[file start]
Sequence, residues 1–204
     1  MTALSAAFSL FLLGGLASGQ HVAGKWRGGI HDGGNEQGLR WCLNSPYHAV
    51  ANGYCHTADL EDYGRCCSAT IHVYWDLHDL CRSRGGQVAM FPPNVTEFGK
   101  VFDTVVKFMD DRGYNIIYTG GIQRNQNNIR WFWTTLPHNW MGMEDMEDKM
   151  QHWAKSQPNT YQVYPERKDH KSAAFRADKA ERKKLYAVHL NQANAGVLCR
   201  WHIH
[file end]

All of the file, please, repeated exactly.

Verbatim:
Sequence, residues 1–204
     1  MTALSAAFSL FLLGGLASGQ HVAGKWRGGI HDGGNEQGLR WCLNSPYHAV
    51  ANGYCHTADL EDYGRCCSAT IHVYWDLHDL CRSRGGQVAM FPPNVTEFGK
   101  VFDTVVKFMD DRGYNIIYTG GIQRNQNNIR WFWTTLPHNW MGMEDMEDKM
   151  QHWAKSQPNT YQVYPERKDH KSAAFRADKA ERKKLYAVHL NQANAGVLCR
   201  WHIH